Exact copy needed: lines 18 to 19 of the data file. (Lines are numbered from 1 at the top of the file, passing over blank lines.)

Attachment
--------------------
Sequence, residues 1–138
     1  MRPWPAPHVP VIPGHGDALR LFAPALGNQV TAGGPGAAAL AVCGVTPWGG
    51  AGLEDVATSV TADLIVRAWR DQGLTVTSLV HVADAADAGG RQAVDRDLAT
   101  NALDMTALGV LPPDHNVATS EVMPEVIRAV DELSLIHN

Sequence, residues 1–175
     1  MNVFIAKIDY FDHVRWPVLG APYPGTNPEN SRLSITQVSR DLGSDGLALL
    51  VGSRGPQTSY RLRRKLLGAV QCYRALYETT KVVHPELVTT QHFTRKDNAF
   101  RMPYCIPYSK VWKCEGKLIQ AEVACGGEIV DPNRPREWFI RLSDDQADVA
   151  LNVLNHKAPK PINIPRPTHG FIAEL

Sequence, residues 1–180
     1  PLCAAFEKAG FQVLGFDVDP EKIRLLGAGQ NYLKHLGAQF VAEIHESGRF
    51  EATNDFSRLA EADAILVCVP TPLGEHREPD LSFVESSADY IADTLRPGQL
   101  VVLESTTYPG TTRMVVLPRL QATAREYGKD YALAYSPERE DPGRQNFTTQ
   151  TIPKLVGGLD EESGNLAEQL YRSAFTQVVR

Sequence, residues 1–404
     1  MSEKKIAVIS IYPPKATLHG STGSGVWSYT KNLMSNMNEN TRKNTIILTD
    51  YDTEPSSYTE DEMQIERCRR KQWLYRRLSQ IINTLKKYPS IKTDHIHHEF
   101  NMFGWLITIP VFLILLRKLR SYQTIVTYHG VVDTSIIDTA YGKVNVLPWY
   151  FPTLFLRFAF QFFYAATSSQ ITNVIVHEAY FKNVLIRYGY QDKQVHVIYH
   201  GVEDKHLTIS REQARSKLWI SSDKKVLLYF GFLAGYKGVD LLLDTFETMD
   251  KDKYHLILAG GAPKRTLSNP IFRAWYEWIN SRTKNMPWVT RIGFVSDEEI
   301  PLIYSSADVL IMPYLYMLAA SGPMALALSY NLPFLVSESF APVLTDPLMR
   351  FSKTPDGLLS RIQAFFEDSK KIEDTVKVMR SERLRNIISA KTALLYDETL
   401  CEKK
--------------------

   101  NMFGWLITIP VFLILLRKLR SYQTIVTYHG VVDTSIIDTA YGKVNVLPWY
   151  FPTLFLRFAF QFFYAATSSQ ITNVIVHEAY FKNVLIRYGY QDKQVHVIYH